11/20/2017

Jul, 16, 2006: Why I Passed Up The Olympic Festivities For A Picnic

It was a typically hot, steamy summer day in Middle Georgia, and one I will never forget. The occasion was a parade and picnic for the citizen-soldiers of Georgia’s 48th Brigade Combat Team and their families, courtesy of the good people of Dublin and Laurens County. It was America at its very best.

I was asked to participate in the festivities. I considered it so much of an honor that I passed up the opportunity to be at the opening of the Olympic Museum at the Atlanta History Center. I gave four years of my life to the planning of the 1996 Centennial Olympic Games. I almost gave up my life in Iraq. That tends to put one’s priorities in order.

It was the first time I had seen the troops of the 48th BCT since I was embedded with them last October in one of the most dangerous plots of real estate on earth — the Triangle of Death, south of Baghdad. Not so very long ago, they were dealing with the perils of war. Today, they were at the Dublin Farmers Market munching on hot dogs, hamburgers and ice cream with family, friends and admirers. But their Iraqi experiences were clearly still on their minds.

Sgt. James Smith of Dublin says that on his first day at Camp Stryker, his unit was mortared by the enemy. The next morning, he awoke to find a scorpion in his buddy’s cot. Sgt. Smith realized early on that this tour of duty wasn’t going to be a fun experience. A physical therapist at Fairview Park Hospital in Dublin, Smith had just gotten married when called to active duty. His life was turned upside down. “Now,” he says, “I just want to get on with my life.”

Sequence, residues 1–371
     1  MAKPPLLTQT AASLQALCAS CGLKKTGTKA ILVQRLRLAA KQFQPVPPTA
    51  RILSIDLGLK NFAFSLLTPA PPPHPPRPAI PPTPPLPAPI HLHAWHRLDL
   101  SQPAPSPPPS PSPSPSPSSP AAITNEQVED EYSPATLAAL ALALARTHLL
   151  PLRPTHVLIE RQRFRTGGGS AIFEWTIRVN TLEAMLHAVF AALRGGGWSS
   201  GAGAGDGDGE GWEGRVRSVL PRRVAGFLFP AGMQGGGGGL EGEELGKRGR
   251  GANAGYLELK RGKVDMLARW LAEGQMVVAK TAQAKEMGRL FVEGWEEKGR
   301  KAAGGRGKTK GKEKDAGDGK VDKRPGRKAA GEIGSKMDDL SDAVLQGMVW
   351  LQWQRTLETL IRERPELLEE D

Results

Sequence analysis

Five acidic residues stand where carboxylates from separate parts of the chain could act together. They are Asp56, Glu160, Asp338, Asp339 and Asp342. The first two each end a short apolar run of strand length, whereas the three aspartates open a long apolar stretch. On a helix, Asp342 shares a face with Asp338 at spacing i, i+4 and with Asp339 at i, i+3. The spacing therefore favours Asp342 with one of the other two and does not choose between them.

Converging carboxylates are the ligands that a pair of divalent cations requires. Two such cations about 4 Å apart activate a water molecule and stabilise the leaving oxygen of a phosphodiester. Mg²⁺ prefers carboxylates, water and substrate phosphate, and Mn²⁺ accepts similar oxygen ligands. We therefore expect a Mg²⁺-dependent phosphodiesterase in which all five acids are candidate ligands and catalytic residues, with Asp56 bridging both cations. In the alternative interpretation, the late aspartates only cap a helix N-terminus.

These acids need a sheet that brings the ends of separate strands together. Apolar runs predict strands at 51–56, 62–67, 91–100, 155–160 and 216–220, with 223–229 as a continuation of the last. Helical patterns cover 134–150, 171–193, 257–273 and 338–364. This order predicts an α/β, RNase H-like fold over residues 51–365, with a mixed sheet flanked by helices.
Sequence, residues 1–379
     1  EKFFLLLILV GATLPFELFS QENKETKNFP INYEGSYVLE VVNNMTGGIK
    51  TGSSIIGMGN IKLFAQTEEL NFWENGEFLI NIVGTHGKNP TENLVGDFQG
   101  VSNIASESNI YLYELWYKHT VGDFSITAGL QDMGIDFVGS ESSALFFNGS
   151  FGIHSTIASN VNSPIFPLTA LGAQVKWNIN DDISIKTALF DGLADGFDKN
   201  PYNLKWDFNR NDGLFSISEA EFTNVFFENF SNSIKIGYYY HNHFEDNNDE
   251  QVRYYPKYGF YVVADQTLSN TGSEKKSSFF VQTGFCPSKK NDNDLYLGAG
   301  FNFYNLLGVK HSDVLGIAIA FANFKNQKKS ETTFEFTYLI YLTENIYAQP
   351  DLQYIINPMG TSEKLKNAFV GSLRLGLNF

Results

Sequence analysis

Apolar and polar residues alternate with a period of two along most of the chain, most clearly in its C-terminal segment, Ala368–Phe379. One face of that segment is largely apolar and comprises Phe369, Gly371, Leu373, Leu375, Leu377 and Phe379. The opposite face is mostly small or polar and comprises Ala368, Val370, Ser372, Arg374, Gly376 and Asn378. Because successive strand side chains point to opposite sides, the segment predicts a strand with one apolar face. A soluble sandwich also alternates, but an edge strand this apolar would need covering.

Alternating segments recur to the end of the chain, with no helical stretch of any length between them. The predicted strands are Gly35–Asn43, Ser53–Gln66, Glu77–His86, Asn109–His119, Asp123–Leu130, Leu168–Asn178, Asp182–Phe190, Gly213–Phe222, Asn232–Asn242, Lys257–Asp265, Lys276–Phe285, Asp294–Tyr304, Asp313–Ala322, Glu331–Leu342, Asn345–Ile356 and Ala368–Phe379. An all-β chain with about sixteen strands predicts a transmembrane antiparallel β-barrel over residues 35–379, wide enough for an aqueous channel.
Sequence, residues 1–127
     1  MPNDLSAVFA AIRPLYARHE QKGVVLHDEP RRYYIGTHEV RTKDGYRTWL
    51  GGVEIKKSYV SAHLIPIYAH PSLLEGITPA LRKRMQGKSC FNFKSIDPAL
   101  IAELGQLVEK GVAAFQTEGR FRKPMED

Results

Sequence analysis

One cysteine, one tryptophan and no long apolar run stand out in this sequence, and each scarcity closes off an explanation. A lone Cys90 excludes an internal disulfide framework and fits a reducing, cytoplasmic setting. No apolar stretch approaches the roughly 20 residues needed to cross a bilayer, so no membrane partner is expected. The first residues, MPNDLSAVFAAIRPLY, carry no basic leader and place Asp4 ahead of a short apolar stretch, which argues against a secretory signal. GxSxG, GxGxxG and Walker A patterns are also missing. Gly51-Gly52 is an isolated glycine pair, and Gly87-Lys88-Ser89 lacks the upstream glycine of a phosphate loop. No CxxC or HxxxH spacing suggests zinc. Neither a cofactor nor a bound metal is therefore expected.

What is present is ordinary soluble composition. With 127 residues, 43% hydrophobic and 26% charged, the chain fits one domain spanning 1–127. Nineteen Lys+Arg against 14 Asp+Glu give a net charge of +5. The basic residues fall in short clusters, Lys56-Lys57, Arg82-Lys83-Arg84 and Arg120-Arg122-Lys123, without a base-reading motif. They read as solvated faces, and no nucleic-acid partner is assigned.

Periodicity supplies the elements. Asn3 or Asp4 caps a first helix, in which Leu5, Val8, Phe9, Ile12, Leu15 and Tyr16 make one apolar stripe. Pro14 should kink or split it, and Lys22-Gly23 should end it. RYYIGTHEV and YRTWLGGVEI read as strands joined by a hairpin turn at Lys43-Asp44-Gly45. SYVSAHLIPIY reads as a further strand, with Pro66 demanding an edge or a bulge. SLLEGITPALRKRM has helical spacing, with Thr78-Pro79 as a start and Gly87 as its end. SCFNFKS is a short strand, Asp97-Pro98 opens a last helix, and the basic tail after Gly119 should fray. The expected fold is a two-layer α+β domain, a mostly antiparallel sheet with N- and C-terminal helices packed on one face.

Specialist Latasha Simmons sat with her daughter, Yazman Floyd, in her lap. “My daughter was 18 months old when I left and three when I returned,” she says. “That was hard on me.” Simmons is glad to be home, but admits she misses her comrades in Iraq. “We were like family to each other there.”

Sgt. Gary Sellers of Macon sported a Combat Action Badge, as did many other soldiers at the picnic. I mentioned to Sgt. Sellers that I, too, was awarded a Combat Action Badge after being hit by a roadside bomb while out on patrol with the troops. “How many times were you hit?” I asked. Sellers said quietly, “I have no idea. If you can remember the number of times you were hit by an IED, you weren’t on the battlefield much.” Touché.

Death was not far from the soldiers’ minds, even on this festive occasion. All of them lost good friends in Iraq. “That is something that will always be with us,” said S. Sgt. Jeffery Ruff of Sparta. So will the stultifying poverty they witnessed. They asked me to remind you how good you have it. Sgt. Steve Willis of Dublin says he still is getting used to being able to get in a car and drive anywhere he chooses. Remember that the next time you are sitting in traffic. Sgt. Michael Washington, a Georgia Power employee from Burke County, said, “The experience in Iraq changed my life. Today, I see people blinded by what they want and not appreciative of what they have.”

I wish every whiny, self-indulgent American could have had the opportunity to sit down with the troops at the picnic as I was able to do. You would discover that there are still people around willing to “ask not what my country can do for me, but what I can do for my country.” My host, DuBose Porter, editor of the Dublin Courier-Herald and minority leader in the Georgia House of Representatives, summed it up best: “These are ordinary Georgians who were called on to do some extraordinary things, and they did.” Amen to that.

I hope my friend, Billy Payne, will understand why I skipped the Olympic festivities and opted instead to spend the day at a picnic and parade in Dublin, Georgia, with a group of Great Americans. I suspect he would approve.